Editor’s note: This travel piece was written weeks before two military men in Sudan started battling for power, before hundreds were killed and embassies were evacuated. The Post and Courier feels that amid headlines of war and destruction that it’s important to see inside the country, learn about its people and cultures, and explore what is at stake.
The best chicken restaurant in Dongola, Sudan, was empty, as if people rose from their seats and walked out. Whole chickens turned on a rotisserie above an open flame, skins becoming crispy, sealing in the flavor of oil, salt and lemon. But there was no one behind the counter to take our order or serve us one of the delicious chickens, cut up over a bed of seasoned rice.
There was only the white tile of the floor, glowing clean under the fluorescent lights of this open-air restaurant.
One man walked up to us and said he was hungry. We promised that when we finished eating, we would give him what was left, as is the custom of that part of the world. He disappeared into the night, and we were alone again. Read the rest of the article >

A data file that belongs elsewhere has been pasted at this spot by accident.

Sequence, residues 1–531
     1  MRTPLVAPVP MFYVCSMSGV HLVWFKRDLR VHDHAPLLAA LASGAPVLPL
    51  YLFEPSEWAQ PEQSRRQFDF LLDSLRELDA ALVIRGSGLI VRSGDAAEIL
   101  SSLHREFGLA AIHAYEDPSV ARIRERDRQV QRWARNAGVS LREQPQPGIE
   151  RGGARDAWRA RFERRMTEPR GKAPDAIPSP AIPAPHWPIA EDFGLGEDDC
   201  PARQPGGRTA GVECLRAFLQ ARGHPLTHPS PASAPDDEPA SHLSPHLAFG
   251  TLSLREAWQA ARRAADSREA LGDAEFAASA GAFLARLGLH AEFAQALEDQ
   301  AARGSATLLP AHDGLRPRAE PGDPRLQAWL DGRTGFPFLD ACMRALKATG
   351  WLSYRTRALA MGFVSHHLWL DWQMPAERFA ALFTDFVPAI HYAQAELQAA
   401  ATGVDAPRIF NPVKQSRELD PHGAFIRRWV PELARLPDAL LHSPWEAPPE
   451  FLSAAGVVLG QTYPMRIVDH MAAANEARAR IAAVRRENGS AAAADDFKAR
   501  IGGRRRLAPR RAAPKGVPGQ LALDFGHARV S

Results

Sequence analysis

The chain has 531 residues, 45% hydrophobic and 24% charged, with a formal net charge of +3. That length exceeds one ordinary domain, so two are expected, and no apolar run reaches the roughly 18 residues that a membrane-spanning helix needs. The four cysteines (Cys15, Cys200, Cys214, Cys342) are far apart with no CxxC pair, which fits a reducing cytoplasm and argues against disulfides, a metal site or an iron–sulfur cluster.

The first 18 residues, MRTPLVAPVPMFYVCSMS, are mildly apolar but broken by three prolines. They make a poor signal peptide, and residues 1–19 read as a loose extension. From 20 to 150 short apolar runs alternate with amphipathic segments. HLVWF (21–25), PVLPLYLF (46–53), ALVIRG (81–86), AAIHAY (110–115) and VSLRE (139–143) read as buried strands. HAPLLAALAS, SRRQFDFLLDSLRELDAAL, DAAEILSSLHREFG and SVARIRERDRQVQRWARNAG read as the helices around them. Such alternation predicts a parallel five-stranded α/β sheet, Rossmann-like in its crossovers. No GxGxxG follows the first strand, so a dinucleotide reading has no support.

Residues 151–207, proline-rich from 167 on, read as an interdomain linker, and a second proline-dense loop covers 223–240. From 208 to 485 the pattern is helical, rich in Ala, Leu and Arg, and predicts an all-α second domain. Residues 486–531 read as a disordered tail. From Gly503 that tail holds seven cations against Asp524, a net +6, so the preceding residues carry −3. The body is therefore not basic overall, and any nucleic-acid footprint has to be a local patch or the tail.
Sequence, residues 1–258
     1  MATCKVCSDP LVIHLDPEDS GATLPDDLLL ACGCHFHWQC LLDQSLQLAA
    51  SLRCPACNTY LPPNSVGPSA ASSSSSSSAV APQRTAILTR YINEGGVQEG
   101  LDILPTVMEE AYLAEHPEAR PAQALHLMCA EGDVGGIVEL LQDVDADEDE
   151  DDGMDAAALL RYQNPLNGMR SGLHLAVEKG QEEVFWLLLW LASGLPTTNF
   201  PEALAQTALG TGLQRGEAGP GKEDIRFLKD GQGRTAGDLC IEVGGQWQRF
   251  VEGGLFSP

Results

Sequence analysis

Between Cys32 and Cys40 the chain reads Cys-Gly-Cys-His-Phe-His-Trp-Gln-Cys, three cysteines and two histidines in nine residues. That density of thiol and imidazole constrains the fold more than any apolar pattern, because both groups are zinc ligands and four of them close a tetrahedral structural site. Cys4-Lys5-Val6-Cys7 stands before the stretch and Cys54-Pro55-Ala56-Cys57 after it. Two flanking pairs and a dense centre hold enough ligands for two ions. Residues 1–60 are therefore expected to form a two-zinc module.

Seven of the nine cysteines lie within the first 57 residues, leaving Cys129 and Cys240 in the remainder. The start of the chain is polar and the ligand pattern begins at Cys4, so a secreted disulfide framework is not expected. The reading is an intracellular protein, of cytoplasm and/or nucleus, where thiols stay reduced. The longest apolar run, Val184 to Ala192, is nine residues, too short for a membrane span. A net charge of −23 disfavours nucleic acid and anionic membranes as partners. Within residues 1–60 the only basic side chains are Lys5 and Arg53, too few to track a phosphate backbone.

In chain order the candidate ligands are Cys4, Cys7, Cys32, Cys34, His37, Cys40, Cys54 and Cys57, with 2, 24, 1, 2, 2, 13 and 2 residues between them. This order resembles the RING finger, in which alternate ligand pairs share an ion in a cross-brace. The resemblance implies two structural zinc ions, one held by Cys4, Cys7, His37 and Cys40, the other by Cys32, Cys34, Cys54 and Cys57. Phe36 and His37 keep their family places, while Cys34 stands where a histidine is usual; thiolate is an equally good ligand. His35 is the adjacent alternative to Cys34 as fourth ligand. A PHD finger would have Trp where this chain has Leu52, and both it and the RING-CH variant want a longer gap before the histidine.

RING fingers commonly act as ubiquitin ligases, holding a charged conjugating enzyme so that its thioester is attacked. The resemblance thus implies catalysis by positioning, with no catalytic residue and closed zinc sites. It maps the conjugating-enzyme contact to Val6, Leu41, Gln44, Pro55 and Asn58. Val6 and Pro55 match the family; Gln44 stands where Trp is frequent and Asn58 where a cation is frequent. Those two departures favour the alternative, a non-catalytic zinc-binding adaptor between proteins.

Originally published in The Post & Courier
by Autumn Phillips
It was Friday. The sun set long ago, and it was as dark as the traffic on the busy road would allow. And as it did five times a day — at dawn, at noon, mid-afternoon, sunset and now at nightfall — the sound of a man’s voice came from a loudspeaker above the mosque next door reciting the call to prayer. When he was done, the notes still hanging in the warm night air, men poured out of the gates, still sliding feet into shoes, and flooded into the restaurant, filling every empty table. The room was, for a moment, a stark painting of white prayer robes, white tile and red plastic tables. But the evening quickly set into motion as if on queue.
Baskets of flat bread were delivered and huge trays of chicken and rice. Laughter filled the room as men tore the bread and pulled the chicken apart and scooped the chicken, rice and bread into one bite.